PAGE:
Abstract: At the beginning of the twentieth century, the forest cover of Great Britain (i.e. the countries of England, Scotland and Wales) had declined to about four per cent of the land area following centuries of mismanagement and unsustainable exploitation of the natural forests. A major objective of national forestry policy from 1919 onwards has been to increase the forest area by means of a sustained programme of afforestation. From the 1960’s to date the expansion of woodland cover has been concentrated on land that was marginal for agriculture, particularly in the upland zones of Scotland. As a consequence of this policy, in 2002 there were over 2.7 million ha of forests in Britain comprising about 11.6 per cent of the land area. There are substantial differences between the three countries with Scotland having the highest forest cover at 17 per cent and England the lowest at only 8.5 per cent. This expansion represents one of the major changes in the rural landscape of Britain in recorded history. Because of this history, the forest area in Scotland has some unusual features compared to the rest of Europe and other parts of the Temperate Zone. Plantations established with timber production as their primary function are the dominant forest type. These plantations are mostly composed of species of non-native origin so that Sitka spruce (Picea sitchensis), which was first introduced in 1851, now makes up 47 per cent of the forests with other introduced conifers accounting for a further 25 per cent. Native species such as Scots pine (Pinus sylvestris) and various broadleaves (e.g. Quercus petraea, Q. robur, Betula pendula, B. pubescens, and Fraxinus excelsior) comprise the remainder. Many of the plantations are due to reach rotation age in the next 10-20 years, thus offering increased silvicultural opportunities for changing the structure and composition of the forests. Over the last 25 years forest policy objectives have changed to give much greater emphasis to establishing and managing forests to provide multifunctional objectives. Afforestation using non-native conifers and silvicultural practices that sought to maximise timber yields per unit area proved increasingly controversial in the 1980’s, particularly on sites with nature conservation value. As a result from the early 1990’s, much greater emphasis has been given to the use of native species in afforestation. In addition, people have begun to question whether patch clearfelling with regeneration through planting, the dominant silvicultural system used in plantations, was necessarily the best way to provide for a range of non-market benefits such as landscape amenity and recreation. This has resulted in increasing interest being shown in the use of a range of alternative silvicultural systems to clearfelling, generally known as Continuous Cover Forestry. Silvicultural practices in Scottish forests have therefore had to evolve to meet changing policy objectives. The emphasis during the major periods of afforestation was on establishing productive stands that would provide a national timber supply in case of emergencies. Conifer species were the main species used in plantation establishment because of their faster growth rates and their greater tolerance of difficult site conditions during plantation establishment. Non-native conifers such as Sitka spruce, lodgepole pine (Pinus contorta), Corsican pine (Pinus nigra var maritima), larches (Larix spp.) and Douglas fir (Pseudotsuga menziesii) were extensively planted because Scots pine, the only timber producing native conifer, proved more sensitive to site conditions and relatively slow growing. With improved understanding of site factors influencing establishment and early growth, it proved possible to develop highly productive plantations of these non-native species even on the most inhospitable of sites. As a consequence, these conifer plantations are highly productive in European terms with average growth rates of about 14 m3 ha-1 year-1. Thinning occurs in less than 50 per cent of conifer stands because of the risks of windthrow in an oceanic climate. Rotation age is between 35 and 60 years depending upon species and site. Forest design plans are used to ensure that extensive uniform areas are restructured during the felling process to increase structural and species diversity, while care is taken to increase the amount of native species, to protect special habitats and to enhance biodiversity. Because the conifer stands are comparatively young with around 80 per cent being 50 years or less of age, softwood timber production is anticipated to double over the next decade. The wood and fibre qualities of Sitka spruce, the dominant element of this increase in production, are attractive for a range of end-uses and the forest resource is conveniently located for major markets in southern Britain and northern Europe. As a consequence of devolution, in 1997 forestry policy and its implementation in Scotland was devolved to the restored Scottish Parliament (an equivalent process took place in England and Wales). In 2000, the first Scottish Forestry Strategy was published with an overarching principle of contributing to national sustainability through sustainable forest management (SFM), and associated principles of integrating forestry with other rural land uses, of contributing to the well being of the people of Scotland, of implementing management practices that enjoyed public support, and of respecting diversity in forest types. Five strategic priorities were defined: · to maximise the value of the Scottish wood resource, · to create a diverse forest resource for the future, · to make a positive contribution to the environment, · to create opportunities for the enjoyment of trees, woods, and forests, · to help communities benefit from their forests. A further aspiration was to increase the forest area to around 25 per cent forest cover by 2050. The aims of the strategy are promoted in private forests (65 per cent of the forest area) through grant subsidy and through Forestry Commission management in the public forests. At present, much of the Scottish forest estate lies either in the ‘stand initiation’ or ‘stem exclusion’ phases of forest stand dynamics (terminology follows that of Oliver and Larson). Despite the regular structure of many plantation forests, substantial progress has been made towards implementation of SFM with over 45 per cent of Scottish forests (including all Forestry Commission managed areas) having achieved certification under the United Kingdom Woodland Assurance Standard, which is FSC accredited. The forests are valued for recreation and recent studies have shown them to make a substantial contribution to biodiversity objectives. However, it is also clear that provision of most non-market benefits will be enhanced if the forests are managed to increase the representation of the ‘understorey reinitiation’ and even ‘old growth’ stand structures. Achieving the transition from the simple stands characteristic of our plantation forests to the more complex and diverse structures necessary to meet current policy needs requires us to rethink many of the precepts on which our silvicultural practices are founded. For instance, we need to acquire greater knowledge about aspects such thinning mature stands to promote and manage natural regeneration which have not formed part of Scottish silviculture for over a century. This development of ‘new’ silvicultural practices must consider the potential impact of climate change, for instance the potential for greater storm intensities and consequential risks of wind damage to forests. However, we also need to consider the need to maintain a flow of quality timber production to ensure that Scottish forests continue to contribute to the development of our rural economy. The extent to which these changes can be accommodated without undermining the value of the existing Scottish wood resource is critically dependent upon our ability to understand and predict the interaction between site, species, silviculture, and wood quality which underpins profitable forest management. In this paper, I illustrate changing practice in Scottish silviculture using results from a few, selected forest experiments and trials, some of which have been monitored for over 70 years. These are: a species trial which explains why so much use has been made of non-native conifers in developing the Scottish forest estate; an establishment experiment which illustrates some errors that can be made in extrapolating from early results to long-term stand development; a mixtures experiment whose results were a major stimulus to controversial afforestation in the 1980’s; an experiment in management of native Scots pine woodland which is influencing our thinking on the naturalisation of plantation forests; and a recent experiment examining processes relevant to the wider use of Continuous Cover Forestry in Scotland. I conclude by emphasising the continuing need for creating and maintaining well designed long-term forest experiments to provide the ecological and site based silvicultural knowledge that will be key to developing the varied and productive forests that are an ultimate objective of modern forest policy.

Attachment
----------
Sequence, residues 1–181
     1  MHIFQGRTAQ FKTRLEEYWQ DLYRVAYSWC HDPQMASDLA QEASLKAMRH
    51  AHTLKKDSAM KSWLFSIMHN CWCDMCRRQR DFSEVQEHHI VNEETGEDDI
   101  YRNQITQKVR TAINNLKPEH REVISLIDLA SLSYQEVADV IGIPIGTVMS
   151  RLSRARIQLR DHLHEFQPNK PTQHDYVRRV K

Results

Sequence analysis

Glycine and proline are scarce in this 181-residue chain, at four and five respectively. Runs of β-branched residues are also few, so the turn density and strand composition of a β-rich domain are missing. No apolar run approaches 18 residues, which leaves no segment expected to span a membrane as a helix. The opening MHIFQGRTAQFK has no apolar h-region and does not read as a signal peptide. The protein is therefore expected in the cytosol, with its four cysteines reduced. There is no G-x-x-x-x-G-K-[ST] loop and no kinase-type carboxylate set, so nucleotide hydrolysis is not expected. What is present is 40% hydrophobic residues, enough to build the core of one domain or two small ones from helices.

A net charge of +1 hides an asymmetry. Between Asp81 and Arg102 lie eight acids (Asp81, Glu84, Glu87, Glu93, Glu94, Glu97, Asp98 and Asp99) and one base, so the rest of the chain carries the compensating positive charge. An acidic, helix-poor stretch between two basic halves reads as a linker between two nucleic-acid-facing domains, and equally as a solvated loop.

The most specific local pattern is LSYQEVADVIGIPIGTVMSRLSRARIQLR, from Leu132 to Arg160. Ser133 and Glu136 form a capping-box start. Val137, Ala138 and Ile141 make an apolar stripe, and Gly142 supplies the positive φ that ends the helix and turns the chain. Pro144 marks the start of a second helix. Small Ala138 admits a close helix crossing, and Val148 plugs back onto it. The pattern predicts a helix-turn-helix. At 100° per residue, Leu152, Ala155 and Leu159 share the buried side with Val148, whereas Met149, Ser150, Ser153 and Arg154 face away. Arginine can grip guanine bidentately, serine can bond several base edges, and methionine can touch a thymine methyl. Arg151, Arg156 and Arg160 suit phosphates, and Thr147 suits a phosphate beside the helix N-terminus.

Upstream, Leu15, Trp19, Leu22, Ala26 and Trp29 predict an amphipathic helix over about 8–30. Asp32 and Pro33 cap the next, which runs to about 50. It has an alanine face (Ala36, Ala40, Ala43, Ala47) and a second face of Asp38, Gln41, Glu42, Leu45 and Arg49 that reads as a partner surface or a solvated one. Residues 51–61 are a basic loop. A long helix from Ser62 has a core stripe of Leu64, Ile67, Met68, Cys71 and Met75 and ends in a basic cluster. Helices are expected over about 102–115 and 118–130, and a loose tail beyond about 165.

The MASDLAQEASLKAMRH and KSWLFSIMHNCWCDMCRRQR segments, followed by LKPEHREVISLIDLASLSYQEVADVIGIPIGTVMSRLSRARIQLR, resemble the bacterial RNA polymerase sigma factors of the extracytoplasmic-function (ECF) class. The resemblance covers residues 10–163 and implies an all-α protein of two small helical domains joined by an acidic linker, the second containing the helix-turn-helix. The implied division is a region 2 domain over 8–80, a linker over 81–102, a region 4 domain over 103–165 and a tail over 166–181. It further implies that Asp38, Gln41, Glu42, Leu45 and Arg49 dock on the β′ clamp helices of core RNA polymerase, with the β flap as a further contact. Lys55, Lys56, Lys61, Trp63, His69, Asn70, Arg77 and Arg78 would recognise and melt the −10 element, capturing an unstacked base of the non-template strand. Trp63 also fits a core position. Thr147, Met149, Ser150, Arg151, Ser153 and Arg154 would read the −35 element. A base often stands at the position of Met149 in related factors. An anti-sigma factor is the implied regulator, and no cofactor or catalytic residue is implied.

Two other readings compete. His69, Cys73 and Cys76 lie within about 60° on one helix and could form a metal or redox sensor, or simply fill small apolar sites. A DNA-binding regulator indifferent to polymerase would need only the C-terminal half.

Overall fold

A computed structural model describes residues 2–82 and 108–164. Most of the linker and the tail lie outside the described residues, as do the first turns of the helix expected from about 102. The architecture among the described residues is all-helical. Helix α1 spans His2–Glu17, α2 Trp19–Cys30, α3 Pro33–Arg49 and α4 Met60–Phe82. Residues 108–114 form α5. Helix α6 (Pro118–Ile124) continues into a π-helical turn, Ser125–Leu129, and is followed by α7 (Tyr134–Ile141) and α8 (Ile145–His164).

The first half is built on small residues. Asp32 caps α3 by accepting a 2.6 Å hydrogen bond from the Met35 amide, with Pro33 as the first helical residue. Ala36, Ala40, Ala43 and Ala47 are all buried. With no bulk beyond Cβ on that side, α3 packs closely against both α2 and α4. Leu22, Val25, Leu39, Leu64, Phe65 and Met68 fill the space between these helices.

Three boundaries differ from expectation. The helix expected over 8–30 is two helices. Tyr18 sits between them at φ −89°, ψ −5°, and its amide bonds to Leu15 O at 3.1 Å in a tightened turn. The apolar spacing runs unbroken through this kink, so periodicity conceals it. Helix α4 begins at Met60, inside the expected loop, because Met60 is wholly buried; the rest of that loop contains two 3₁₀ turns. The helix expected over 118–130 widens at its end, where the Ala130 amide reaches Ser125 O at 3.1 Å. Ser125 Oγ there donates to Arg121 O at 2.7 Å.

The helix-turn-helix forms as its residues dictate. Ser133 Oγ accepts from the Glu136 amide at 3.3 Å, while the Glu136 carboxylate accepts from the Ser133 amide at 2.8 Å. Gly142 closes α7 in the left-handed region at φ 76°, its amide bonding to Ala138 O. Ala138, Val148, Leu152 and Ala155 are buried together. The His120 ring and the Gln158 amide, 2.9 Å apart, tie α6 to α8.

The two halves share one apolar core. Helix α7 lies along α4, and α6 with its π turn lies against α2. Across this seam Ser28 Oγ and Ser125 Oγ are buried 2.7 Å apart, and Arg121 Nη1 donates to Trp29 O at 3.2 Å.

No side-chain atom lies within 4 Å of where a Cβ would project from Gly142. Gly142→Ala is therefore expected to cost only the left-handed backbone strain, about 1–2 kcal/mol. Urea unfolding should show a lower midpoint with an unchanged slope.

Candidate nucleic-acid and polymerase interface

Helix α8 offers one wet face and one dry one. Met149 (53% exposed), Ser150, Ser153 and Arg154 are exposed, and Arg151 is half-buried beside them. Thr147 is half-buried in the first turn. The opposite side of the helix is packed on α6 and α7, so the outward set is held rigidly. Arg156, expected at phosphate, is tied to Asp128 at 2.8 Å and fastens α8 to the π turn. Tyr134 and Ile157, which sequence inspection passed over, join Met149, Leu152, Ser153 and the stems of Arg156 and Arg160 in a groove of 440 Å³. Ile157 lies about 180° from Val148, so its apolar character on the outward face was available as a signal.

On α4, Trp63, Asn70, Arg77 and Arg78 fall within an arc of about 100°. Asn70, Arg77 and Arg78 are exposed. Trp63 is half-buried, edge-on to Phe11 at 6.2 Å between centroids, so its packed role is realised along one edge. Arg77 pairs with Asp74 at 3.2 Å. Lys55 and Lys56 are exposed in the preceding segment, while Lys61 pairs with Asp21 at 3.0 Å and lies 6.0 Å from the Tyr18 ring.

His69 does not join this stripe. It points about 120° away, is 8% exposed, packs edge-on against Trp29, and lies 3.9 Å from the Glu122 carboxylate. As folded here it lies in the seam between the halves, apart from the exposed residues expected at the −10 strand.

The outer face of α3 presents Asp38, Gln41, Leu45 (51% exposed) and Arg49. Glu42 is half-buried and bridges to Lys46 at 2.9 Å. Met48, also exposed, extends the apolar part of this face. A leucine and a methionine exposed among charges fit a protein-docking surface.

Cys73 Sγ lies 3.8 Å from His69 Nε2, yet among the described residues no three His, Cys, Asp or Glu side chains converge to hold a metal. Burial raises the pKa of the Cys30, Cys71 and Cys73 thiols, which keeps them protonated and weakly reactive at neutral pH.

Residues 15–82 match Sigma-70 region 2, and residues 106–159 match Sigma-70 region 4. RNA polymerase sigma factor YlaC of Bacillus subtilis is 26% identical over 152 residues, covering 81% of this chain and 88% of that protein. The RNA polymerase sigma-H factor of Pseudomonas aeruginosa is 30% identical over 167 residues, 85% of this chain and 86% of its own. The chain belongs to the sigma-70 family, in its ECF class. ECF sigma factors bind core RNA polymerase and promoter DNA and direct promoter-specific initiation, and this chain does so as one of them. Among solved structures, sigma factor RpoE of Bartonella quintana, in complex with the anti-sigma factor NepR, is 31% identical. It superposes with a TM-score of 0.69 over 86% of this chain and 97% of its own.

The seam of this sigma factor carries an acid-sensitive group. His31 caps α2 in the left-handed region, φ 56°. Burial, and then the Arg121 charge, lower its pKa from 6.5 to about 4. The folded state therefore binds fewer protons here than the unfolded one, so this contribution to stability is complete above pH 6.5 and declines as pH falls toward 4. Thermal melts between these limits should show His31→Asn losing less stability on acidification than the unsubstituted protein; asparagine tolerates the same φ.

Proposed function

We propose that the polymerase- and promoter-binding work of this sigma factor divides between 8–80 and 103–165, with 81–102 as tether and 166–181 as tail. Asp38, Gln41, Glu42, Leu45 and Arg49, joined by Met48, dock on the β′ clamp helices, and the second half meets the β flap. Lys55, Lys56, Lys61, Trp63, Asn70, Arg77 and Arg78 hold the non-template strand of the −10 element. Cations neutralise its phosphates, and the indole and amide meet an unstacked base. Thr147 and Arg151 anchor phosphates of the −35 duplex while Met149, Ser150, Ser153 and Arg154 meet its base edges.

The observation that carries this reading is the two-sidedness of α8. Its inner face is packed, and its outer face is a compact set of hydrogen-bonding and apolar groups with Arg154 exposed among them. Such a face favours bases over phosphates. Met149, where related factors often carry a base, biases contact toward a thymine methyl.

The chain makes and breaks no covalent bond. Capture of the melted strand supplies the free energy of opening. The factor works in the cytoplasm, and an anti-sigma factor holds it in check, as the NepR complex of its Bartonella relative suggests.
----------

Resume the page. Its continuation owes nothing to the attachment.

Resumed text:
Citazione: Mason B (2005). The lessons of 25 years of change in the silviculture of Scottish forests; from conflict to synergy . 5° Congresso Nazionale SISEF, Grugliasco (TO), 27 – 29 Set 2005, Contributo no. #c5.6.4